It’s a Saturday trailer: “Win Win”

Paul Giamatti‘s late father was famously the commissioner of baseball during the Pete Rose scandal. I’m not sure what that has to do with “Win Win,” the new film starring today’s Edward G. Robinson and a terrific supporting cast from Tom McCarthy of “The Visitor” and “The Station Agent,” except that both baseball and Greco-Roman wrestling are sports, but I thought I’d mention it anyway.

H/t Latino Review.

  

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A roundtable chat with Paul Giamatti and Rosamund Pike, of “Barney’s Version”

If you’re going to be shallow about it, Paul Giamatti and Rosamund Pike might seem like a slightly odd pair of movie lovebirds. However, the love affair between their characters in “Barney’s Version” hasn’t aroused any of the complaints Seth Rogen regularly gets when his movie character gets lucky with a beautiful woman. No offense to Rogen, but maybe that’s because Giamatti gets a pass for being an extraordinarily brilliant actor — who, as it happens, just picked up a well-deserved Golden Globe for his performance in this very film — and Pike gets points for having the sense to work with him, not to mention for being rather extraordinary herself.

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In fact, the pair have some things in common. Pike’s parents are accomplished serious musicians and she is an Oxford Graduate. Paul Giamatti’s father was the noted Yale University President and Commissioner of Baseball, A. Bartlett Giamatti. Naturally, the younger Giamatti is himself a graduate of Yale. Both have also been busy working actors for some time. After “American Splendor,” “Sideways,” and — on a more heroic level — the miniseries “John Adams,” not to mention innumerable outstanding supporting roles, Giamatti is a bonafide star. The sky is the limit for Ms. Pike, a vastly-above average “Bond girl” opposite Pierce Brosnan in 2002’s “Die Another Day,” who more recently has received a lot of notice for her very diverse roles as a less than brilliant conman’s girlfriend in “An Education” and, more under the radar but no less brilliant, as a highly educated but frustrated housewife and mother in “Made in Dagenham.”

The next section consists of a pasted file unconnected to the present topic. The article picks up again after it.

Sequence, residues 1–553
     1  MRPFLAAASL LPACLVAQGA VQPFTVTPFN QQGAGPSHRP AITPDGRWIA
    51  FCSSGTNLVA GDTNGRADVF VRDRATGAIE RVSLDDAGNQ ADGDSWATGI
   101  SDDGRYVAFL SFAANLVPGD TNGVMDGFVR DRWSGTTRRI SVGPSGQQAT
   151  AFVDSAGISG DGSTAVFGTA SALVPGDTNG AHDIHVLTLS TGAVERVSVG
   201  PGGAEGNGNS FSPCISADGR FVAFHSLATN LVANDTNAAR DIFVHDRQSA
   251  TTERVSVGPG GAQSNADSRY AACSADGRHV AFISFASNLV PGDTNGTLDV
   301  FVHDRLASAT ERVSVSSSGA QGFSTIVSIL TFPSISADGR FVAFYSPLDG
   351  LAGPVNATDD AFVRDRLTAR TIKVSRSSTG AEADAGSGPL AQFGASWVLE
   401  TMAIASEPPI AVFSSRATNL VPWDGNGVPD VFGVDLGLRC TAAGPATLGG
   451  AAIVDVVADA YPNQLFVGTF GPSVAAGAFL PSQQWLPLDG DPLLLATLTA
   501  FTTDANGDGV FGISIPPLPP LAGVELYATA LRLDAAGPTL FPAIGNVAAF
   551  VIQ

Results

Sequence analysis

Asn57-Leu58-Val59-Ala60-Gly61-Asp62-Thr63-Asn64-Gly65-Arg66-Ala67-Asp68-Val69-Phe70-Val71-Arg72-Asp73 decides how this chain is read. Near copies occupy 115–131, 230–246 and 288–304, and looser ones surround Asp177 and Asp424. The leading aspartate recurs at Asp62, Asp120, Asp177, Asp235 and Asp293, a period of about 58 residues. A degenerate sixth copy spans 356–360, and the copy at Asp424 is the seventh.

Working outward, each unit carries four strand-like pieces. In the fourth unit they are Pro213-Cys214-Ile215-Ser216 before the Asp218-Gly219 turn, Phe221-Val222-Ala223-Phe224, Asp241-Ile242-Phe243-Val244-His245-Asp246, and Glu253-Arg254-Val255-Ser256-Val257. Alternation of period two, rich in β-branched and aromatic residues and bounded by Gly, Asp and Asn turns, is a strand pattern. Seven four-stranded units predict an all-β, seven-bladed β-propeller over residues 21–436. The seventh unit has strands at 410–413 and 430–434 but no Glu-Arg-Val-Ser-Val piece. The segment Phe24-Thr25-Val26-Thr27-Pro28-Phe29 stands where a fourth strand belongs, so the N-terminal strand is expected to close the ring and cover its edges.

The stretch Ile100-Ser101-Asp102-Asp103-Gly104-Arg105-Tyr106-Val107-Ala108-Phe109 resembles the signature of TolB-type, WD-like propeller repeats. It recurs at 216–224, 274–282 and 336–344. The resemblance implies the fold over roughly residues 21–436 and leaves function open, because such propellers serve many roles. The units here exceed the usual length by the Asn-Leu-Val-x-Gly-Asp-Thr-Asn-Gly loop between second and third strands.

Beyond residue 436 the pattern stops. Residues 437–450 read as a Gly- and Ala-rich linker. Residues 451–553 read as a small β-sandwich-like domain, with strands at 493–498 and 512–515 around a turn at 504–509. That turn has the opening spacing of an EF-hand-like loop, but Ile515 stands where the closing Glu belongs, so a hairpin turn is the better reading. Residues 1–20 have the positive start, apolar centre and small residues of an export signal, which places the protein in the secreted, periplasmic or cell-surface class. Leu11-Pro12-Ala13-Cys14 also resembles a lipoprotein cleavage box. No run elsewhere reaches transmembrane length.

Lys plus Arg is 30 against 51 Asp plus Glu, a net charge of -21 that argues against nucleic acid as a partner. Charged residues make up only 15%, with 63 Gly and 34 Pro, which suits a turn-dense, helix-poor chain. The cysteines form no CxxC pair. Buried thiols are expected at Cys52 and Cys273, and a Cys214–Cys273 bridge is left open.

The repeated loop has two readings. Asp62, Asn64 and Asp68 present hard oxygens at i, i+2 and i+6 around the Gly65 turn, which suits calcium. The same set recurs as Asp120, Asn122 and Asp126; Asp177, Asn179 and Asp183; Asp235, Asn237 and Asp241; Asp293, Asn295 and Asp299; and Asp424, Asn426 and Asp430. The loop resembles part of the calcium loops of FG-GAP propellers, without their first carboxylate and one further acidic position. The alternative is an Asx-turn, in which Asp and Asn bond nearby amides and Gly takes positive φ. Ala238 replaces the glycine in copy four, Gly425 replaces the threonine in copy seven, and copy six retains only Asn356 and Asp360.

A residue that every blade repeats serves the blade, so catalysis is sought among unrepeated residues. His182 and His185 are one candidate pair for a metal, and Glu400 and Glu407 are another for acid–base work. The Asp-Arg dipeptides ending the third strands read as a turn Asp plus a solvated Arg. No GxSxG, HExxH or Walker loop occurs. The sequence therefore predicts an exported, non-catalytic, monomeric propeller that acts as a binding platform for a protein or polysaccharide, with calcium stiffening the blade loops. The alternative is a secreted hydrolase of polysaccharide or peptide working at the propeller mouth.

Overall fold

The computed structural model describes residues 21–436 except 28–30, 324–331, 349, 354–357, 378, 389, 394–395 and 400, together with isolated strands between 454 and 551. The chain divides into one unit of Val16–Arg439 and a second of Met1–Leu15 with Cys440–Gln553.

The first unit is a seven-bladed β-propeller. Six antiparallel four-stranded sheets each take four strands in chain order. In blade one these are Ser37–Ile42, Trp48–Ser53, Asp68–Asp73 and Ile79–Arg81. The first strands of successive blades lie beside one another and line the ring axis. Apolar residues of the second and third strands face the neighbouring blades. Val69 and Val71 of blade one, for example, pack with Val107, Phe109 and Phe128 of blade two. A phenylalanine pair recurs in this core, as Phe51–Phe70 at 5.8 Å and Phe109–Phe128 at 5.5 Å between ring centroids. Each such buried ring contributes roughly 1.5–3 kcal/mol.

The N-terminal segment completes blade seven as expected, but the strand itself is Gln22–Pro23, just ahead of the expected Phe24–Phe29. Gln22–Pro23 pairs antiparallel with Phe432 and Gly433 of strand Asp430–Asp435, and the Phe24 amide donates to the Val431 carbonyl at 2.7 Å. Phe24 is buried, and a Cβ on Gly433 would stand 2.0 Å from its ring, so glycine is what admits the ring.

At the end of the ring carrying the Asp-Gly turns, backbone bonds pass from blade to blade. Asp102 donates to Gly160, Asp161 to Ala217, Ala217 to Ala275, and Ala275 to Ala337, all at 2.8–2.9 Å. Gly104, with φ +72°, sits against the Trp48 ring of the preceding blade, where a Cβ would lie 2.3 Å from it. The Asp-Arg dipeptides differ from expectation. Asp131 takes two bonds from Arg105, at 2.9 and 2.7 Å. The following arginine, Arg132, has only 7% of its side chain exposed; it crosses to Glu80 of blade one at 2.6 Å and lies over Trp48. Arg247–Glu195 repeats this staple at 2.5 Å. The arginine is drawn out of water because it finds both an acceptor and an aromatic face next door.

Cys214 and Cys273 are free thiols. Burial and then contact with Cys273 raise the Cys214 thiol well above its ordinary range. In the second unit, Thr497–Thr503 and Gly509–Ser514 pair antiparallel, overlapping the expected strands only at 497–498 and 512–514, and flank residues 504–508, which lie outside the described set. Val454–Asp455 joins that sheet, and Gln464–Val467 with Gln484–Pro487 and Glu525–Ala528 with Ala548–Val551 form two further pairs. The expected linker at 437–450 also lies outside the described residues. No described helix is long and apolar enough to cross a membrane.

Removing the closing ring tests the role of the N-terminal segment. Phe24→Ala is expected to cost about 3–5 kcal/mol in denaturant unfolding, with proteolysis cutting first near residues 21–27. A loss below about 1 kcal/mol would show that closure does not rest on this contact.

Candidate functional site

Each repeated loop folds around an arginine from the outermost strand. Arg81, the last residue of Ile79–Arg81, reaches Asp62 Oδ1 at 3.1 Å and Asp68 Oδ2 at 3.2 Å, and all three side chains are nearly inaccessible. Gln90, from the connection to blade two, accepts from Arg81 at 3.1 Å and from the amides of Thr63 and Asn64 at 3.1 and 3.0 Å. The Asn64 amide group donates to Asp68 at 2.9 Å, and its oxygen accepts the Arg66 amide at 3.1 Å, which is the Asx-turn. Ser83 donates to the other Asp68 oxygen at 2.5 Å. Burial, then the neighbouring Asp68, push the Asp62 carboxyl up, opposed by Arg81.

When I and a bunch of other junket journos encountered Giamatti and Pike, they were promoting the new adaptation of Mordecai Richler’s tragicomic final novel about the life and loves of a youthful hustler and bohemian turned aging Montreal television producer and crank. For us shallow types, Giamatti bats 1000 well out of his league with three wives in the course of “Barney’s Version,” played by the lovely Rachelle Lefevre, Minnie Driver, and Pike as Miriam Grant-Panofsky, whom he actually loves. If you read my review, you’ll see that I think the film is a very mixed bag, but the performances are first rate throughout. In addition to that Golden Globe, Giamatti’s performance was praised by his colleague Ron Perlman, and easily deserves whatever accolades it may find. Pike is, as the cliche goes, luminous in a role as a really good person that a lesser actress would have rendered merely saintly and dull.

Rosamund Pike arrived first, but in a moment Paul Giamatti entered, bantering with a female reporter. “She forced me to proclaim myself an ‘indie darling’ yesterday,” Giamatti said.

“Nobody forced you to do anything,” the reporter remonstrated.

“Yes, you did,” he argued. “You tricked me into saying it on camera. She said, ‘When you became an indie darling,’ and I went ‘Well, when I became an indie darling…'” and I thought, ‘I just said those words! Goddammit, that’s on film now, forever.'”